Caption: President Jonathan and members of the Advisory Committee on National Dialogue in a group photograph
President Goodluck Jonathan has inaugurated the 13-man national advisory committee saddled with the task of working out modalities for a national dialogue which he believes will promote understanding among citizens and expand the frontiers of inclusiveness in governance.
While inaugurating the committee on Monday in Abuja, thevPresident emphasised that the national talk is a sincere and fundamental national project that aims to realistically examine and resolve longstanding impediments to the country’s growth and development.
He said as challenges emerge season after season, leaders must respond to them with best available strategies to ensure that the ship of state remains steady in its voyage.
“Nations rise to the challenges that each epoch presents. It is imperative therefore, that in our march to nationhood, we have to be dynamic in our approach and response to the problems, even as we seek solutions to them. We cannot proffer yesterday’s solutions to today’s problems,” the President said.
Making references to several conferences held in Nigeria along with their corresponding benefits which include the present constitution, the President expressed the view that the conference will allow for a robust outcome that would lead to greater understanding and a more cohesive and inclusive union.
“Clearly, every dialogue adds something valuable to our evolving Nation. The urgency of a National Conversation in the present therefore, need not be over emphasized. As we continue to strive to build a strong and virile Nation, especially in the midst of agitations and tensions, we cannot deny the fact that sitting down to talk is one right step in calming down tensions and channelling our grievances, misgivings and suggestions into more positive use for the good of our Country.” he said.
According to him, the concept of participatory democracy is such that even after the people have given their representatives the mandate to make laws and act on their behalf, there is also a space for the governed to make further input into the political processes, without undermining the authority of the statutory bodies.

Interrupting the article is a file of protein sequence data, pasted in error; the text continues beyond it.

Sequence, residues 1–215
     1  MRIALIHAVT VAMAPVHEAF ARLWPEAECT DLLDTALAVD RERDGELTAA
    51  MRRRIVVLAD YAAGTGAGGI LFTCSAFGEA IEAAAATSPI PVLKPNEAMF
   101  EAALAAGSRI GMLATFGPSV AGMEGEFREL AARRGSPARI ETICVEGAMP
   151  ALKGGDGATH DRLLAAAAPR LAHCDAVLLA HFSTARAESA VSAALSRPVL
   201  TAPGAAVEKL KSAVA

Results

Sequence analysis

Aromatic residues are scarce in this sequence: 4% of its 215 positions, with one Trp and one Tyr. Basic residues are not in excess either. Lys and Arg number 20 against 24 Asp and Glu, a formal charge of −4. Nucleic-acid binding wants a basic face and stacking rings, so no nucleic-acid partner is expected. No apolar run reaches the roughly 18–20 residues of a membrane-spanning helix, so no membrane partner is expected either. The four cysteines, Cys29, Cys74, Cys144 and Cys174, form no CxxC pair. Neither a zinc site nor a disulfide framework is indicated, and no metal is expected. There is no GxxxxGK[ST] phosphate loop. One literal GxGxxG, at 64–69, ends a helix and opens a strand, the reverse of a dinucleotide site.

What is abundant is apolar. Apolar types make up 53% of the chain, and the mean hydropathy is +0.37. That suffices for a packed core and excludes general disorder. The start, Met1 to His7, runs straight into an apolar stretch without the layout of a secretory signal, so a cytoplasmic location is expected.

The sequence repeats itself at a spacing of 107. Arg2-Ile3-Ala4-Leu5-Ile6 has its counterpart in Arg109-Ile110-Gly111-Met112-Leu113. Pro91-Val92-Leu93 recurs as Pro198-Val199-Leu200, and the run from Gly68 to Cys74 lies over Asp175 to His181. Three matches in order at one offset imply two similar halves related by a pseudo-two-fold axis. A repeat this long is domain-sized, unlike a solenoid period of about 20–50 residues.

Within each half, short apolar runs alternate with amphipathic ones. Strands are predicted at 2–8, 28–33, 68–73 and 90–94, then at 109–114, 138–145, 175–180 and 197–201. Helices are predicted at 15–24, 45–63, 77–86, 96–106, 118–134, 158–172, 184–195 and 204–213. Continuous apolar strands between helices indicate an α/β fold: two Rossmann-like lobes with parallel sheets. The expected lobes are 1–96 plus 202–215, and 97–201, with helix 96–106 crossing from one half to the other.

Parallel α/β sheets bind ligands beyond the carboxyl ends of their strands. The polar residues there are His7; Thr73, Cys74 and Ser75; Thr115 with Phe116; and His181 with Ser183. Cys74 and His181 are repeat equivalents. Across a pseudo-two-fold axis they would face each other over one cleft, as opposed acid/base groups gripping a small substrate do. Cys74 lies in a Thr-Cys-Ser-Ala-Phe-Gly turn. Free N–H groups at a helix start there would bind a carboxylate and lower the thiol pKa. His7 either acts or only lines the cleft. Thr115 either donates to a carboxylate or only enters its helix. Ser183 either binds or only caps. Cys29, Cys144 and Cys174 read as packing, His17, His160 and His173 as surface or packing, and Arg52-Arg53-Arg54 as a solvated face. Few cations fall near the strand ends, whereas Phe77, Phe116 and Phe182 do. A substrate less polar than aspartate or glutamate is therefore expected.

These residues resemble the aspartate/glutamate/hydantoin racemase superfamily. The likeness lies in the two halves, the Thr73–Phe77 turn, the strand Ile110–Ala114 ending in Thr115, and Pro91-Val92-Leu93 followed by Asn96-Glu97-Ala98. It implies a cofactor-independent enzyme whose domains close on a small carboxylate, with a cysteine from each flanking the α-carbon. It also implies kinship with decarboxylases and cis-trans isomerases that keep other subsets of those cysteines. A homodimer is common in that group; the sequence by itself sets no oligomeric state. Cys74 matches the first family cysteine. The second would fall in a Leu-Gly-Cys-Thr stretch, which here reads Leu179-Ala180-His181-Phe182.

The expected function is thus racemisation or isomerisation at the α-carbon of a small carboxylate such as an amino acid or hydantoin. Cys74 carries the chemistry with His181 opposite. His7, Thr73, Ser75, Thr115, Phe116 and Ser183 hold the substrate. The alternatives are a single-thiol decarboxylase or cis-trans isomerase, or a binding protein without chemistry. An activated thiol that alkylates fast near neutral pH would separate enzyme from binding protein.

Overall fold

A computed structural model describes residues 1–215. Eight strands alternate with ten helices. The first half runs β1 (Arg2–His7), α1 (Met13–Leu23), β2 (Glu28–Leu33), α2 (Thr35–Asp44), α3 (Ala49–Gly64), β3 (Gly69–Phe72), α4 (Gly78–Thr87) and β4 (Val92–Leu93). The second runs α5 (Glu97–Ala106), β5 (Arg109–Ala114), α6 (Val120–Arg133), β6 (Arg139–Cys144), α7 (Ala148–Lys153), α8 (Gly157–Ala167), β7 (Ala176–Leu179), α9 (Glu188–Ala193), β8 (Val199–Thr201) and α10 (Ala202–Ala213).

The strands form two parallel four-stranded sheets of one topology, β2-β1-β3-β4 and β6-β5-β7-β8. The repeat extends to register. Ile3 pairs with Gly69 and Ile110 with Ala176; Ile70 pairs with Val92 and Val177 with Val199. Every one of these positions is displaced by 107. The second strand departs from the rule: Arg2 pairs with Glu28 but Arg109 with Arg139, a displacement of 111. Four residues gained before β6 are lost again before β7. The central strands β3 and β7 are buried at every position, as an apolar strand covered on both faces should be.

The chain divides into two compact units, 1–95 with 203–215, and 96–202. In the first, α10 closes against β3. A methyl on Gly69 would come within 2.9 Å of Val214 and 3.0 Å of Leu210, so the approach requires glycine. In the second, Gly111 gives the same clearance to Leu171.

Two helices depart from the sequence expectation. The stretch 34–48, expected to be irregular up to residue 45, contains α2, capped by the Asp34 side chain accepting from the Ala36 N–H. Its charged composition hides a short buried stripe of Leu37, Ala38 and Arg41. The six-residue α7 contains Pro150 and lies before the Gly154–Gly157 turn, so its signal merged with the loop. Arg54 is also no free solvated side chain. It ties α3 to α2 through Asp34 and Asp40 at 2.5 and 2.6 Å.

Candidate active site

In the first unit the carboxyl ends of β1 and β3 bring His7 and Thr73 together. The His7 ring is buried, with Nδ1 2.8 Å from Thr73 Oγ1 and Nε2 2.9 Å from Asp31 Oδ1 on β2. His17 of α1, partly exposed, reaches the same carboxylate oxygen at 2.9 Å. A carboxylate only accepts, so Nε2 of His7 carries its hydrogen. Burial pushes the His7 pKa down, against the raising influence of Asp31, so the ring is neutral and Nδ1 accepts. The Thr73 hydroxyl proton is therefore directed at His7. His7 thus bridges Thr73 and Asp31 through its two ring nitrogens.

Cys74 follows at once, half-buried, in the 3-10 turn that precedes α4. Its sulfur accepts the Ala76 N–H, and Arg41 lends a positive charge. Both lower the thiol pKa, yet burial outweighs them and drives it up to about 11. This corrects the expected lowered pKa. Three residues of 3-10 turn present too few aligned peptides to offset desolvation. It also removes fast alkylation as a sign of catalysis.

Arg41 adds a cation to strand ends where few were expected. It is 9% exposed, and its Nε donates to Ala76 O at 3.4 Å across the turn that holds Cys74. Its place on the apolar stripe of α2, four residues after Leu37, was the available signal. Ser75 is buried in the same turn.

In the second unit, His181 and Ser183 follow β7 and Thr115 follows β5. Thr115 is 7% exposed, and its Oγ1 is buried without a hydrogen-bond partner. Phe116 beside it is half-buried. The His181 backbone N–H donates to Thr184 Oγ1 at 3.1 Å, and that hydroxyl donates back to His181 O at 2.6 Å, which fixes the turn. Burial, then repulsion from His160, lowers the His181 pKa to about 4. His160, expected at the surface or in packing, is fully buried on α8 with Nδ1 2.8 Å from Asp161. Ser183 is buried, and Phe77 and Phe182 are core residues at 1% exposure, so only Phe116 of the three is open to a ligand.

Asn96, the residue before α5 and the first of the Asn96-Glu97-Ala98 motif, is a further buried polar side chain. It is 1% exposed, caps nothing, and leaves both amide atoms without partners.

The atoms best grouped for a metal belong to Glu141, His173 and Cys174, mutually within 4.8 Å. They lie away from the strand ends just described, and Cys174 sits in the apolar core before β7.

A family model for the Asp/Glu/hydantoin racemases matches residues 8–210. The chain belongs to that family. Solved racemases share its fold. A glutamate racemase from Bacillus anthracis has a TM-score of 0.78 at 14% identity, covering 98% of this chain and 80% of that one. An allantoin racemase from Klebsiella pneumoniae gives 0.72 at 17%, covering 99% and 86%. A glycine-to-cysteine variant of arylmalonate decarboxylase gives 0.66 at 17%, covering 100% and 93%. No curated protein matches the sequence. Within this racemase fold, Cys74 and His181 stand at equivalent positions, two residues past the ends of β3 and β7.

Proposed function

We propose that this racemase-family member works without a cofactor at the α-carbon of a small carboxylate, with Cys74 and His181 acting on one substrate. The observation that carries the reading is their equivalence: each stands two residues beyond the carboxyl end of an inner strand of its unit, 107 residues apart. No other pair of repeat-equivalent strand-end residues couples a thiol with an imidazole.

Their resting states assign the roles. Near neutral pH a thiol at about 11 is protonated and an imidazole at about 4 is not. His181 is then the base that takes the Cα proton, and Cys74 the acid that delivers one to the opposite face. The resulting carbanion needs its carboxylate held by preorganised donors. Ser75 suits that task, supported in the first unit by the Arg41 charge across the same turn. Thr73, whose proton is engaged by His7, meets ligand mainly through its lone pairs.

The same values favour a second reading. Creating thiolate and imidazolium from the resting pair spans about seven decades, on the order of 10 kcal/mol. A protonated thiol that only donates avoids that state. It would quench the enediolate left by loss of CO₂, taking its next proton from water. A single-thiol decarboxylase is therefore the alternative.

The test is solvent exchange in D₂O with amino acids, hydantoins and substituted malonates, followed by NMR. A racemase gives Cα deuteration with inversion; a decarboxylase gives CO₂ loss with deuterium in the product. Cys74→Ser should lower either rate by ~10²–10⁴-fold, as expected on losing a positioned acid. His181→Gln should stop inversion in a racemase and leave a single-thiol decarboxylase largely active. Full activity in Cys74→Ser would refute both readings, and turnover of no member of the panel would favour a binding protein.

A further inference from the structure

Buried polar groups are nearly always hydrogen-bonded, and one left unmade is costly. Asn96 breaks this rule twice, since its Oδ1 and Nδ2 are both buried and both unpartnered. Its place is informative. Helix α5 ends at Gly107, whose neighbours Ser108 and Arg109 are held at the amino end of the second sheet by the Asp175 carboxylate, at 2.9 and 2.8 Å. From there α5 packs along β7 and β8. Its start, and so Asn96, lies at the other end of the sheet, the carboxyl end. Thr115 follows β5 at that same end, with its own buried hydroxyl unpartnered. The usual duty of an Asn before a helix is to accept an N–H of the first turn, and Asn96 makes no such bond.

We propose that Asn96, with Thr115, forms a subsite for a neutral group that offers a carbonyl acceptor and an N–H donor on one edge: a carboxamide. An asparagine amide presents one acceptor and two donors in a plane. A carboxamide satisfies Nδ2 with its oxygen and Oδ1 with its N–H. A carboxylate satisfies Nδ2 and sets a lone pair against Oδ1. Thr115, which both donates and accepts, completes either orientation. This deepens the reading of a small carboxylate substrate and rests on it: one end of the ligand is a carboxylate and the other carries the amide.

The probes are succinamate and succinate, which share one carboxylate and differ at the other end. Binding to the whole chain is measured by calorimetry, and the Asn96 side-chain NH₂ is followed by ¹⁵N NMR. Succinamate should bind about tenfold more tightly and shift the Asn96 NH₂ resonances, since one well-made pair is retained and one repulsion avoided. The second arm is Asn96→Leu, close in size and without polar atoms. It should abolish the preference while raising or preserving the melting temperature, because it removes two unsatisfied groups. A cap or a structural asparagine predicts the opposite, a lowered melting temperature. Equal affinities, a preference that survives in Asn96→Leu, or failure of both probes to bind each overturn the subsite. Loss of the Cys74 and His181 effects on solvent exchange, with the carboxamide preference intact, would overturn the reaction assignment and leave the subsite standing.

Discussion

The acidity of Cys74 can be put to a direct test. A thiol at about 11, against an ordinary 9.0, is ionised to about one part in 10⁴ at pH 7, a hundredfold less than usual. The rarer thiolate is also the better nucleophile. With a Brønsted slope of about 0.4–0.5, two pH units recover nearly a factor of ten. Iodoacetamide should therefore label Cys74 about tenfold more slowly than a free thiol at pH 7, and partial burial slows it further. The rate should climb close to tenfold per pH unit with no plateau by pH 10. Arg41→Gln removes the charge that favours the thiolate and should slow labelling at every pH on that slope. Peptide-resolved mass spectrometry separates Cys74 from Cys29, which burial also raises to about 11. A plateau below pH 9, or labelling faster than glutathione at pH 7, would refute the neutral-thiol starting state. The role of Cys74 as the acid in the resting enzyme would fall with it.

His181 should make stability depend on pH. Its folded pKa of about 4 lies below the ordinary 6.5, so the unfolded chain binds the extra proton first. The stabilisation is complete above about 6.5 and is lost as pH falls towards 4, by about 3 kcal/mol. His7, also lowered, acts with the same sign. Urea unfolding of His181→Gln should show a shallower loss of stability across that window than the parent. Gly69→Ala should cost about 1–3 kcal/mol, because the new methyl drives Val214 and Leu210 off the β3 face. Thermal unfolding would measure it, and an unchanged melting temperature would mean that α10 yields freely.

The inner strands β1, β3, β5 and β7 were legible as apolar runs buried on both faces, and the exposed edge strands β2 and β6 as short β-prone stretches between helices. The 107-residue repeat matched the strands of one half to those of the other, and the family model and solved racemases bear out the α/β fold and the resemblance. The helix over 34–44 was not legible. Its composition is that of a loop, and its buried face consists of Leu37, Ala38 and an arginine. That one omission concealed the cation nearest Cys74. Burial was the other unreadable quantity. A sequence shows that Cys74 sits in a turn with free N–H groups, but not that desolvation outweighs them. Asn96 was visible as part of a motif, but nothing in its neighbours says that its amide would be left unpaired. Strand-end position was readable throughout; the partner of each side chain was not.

“Sovereignty continues to be with the people even as the people evolve strategies and tactics to strengthen its foundation for the benefit of successor generations. It is this sort of collaboration between the people and established institutions of government, that this conference aims to promote,” Jonathan added.
He also addressed scepticism expressed in some quarters about the need for a national conference and fears that it would further create division among citizens.
He said: “I will therefore like to allay the fears of those who think the Conference will call the integrity of Nigeria into question. This National Discourse will strengthen our union and address issues that are often on the front burner, and are too frequently ignored.”
Continuing, he said: “I was one of those who exhibited scepticism on the need for another Conference or Dialogue. My scepticism was borne out of the nomenclature of such a Conference, taking into cognizance existing democratic structures that were products of the will of the people.”
President Jonathan urged the committee chaired by Femi Okurounmu to consult widely before sitting down to develop the framework that will guide and guard the proceedings of the discussions.
“In the task before you, no voice is too small and no opinion is irrelevant. Thus, the views of the sceptics and those of the enthusiasts must be accommodated as you formulate this all important framework,” he said.
Other members of the committee are: Akilu Indabawa, Secretary; a former Nigerian Ambassador to the United States, George Obiozor; Khairat Gwadabe; Timothy Adudu, Tony Nyiam, a retired colonel; Funke Adebayo, Mairo Amshi, Abubakar Sadiq, Dauda Birma, Buhari Bello and Tony Uranta.
Ben Nwabueze, a senior advocate of Nigeria and named member of the committee has opted out citing health reasons.
The committee has been given six weeks to submit its report.